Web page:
Supportive companions of women in labor : a descriptive analysis



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Although the effectiveness of labor companions (or "doulas") in reducing the length of labor and perinatal complications recently has been demonstrated, the specific doula behaviors that reduce maternal stress and anxiety have yet to be indentified. To systematically document the behavior of supportive companions during labor and delivery, three lay women employed to function as doulas for primigravid women were systematically observed. The doulas were observed with 13 mothers for 26 repeated (i.e., early and late in labor) observations, each 48 minutes in length. A behavioral coding scheme for describing the observable state of the mother and four aspects of doula behavior (i.e., Proximity, Talking, Touching, and Caretaking) was employed using a time sampling procedure with 15-second interval recording. Results showed that doulas spent 79% of the observed intervals within one foot of the mother and 41% of the intervals talking to the mother. Doulas touched the extremities and the trunk of the mother most often, using primarily a clutching or stroking style. When the mothers were distressed, doulas moved closer, talked more, touched more, and exhibited less caretaking behaviors (p<.05). Implications of these findings for understanding the effects of doulas on stress and anxiety during labor and delivery are considered.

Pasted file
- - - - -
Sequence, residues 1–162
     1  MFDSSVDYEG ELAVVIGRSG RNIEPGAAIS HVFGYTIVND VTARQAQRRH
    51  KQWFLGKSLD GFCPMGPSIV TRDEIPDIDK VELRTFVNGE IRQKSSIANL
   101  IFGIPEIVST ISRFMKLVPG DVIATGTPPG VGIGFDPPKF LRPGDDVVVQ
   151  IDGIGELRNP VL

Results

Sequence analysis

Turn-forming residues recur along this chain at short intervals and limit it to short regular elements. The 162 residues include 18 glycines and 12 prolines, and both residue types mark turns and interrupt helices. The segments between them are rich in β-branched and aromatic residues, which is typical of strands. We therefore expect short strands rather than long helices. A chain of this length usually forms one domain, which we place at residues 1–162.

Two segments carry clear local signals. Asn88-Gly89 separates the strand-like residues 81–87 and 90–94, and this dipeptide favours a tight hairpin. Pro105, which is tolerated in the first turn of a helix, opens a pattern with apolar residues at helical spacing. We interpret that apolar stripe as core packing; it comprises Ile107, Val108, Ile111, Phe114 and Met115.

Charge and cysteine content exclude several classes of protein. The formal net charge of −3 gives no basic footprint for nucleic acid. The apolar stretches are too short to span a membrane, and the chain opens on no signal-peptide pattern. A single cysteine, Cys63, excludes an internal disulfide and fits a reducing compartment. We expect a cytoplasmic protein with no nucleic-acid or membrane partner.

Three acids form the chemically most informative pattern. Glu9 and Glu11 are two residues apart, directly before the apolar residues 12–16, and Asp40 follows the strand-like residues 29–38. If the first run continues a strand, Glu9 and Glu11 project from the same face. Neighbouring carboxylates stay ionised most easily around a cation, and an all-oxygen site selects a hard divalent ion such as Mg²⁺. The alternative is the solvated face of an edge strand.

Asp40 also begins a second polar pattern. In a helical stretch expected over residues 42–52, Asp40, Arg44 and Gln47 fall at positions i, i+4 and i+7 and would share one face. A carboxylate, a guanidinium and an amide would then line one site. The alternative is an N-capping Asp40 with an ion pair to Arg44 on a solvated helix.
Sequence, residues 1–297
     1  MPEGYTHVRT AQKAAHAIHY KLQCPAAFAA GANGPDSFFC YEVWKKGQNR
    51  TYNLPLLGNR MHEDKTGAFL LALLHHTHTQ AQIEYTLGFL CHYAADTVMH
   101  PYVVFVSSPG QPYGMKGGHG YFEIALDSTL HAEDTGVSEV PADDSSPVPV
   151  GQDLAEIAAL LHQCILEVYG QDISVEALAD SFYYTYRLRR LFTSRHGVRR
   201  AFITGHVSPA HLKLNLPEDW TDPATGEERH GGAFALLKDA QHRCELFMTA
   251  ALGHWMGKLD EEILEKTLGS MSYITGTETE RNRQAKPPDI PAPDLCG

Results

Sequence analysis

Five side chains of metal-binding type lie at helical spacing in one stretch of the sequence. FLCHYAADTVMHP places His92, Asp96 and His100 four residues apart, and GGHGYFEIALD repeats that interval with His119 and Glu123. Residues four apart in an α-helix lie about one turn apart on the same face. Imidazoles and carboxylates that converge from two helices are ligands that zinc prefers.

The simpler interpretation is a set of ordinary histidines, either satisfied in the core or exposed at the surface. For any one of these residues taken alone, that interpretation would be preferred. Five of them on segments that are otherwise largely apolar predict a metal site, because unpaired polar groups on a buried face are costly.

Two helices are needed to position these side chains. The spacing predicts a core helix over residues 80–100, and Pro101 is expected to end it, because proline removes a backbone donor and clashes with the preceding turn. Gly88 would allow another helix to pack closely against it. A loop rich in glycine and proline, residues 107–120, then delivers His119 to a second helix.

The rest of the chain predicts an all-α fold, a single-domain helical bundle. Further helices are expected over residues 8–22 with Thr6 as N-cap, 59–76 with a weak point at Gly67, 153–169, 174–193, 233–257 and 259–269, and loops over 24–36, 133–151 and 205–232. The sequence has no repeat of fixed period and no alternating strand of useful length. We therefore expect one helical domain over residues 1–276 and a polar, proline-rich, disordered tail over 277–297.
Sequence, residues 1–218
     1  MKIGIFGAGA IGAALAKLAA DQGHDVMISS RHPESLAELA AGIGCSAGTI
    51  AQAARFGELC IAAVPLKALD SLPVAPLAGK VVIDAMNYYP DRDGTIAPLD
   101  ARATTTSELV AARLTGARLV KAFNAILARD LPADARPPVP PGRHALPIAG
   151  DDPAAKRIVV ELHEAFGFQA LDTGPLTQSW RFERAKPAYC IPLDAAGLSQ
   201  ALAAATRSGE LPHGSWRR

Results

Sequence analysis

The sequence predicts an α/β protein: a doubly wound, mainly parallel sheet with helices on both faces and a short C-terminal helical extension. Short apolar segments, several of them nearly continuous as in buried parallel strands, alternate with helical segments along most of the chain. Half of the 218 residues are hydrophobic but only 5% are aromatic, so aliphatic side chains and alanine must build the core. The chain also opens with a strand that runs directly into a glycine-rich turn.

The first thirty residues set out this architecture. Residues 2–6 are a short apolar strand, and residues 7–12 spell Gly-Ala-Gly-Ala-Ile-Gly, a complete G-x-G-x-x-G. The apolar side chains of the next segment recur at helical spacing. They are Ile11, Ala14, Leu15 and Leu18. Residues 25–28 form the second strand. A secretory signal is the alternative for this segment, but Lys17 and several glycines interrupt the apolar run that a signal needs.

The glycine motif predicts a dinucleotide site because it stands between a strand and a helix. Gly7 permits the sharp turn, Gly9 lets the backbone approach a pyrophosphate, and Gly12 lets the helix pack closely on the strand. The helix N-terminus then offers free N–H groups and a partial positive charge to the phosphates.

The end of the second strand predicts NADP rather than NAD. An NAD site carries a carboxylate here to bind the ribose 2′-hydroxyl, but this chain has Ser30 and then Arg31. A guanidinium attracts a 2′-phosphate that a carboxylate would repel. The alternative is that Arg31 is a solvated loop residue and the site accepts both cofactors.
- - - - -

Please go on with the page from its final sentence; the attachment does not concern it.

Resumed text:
Labor (Obstetrics), Psychological aspects, Childbirth